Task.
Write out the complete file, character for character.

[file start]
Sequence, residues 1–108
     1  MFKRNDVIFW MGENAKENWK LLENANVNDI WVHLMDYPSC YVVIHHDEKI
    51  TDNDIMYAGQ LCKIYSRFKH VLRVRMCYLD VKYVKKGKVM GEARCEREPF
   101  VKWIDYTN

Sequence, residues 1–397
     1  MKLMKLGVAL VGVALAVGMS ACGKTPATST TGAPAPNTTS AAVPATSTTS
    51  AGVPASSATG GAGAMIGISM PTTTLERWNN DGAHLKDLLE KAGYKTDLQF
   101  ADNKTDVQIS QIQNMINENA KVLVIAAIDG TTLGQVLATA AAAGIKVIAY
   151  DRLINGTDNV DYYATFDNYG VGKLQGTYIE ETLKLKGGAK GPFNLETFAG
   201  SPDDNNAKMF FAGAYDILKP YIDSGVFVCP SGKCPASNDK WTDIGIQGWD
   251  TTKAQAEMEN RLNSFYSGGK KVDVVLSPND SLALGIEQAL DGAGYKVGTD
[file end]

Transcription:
Sequence, residues 1–108
     1  MFKRNDVIFW MGENAKENWK LLENANVNDI WVHLMDYPSC YVVIHHDEKI
    51  TDNDIMYAGQ LCKIYSRFKH VLRVRMCYLD VKYVKKGKVM GEARCEREPF
   101  VKWIDYTN

Sequence, residues 1–397
     1  MKLMKLGVAL VGVALAVGMS ACGKTPATST TGAPAPNTTS AAVPATSTTS
    51  AGVPASSATG GAGAMIGISM PTTTLERWNN DGAHLKDLLE KAGYKTDLQF
   101  ADNKTDVQIS QIQNMINENA KVLVIAAIDG TTLGQVLATA AAAGIKVIAY
   151  DRLINGTDNV DYYATFDNYG VGKLQGTYIE ETLKLKGGAK GPFNLETFAG
   201  SPDDNNAKMF FAGAYDILKP YIDSGVFVCP SGKCPASNDK WTDIGIQGWD
   251  TTKAQAEMEN RLNSFYSGGK KVDVVLSPND SLALGIEQAL DGAGYKVGTD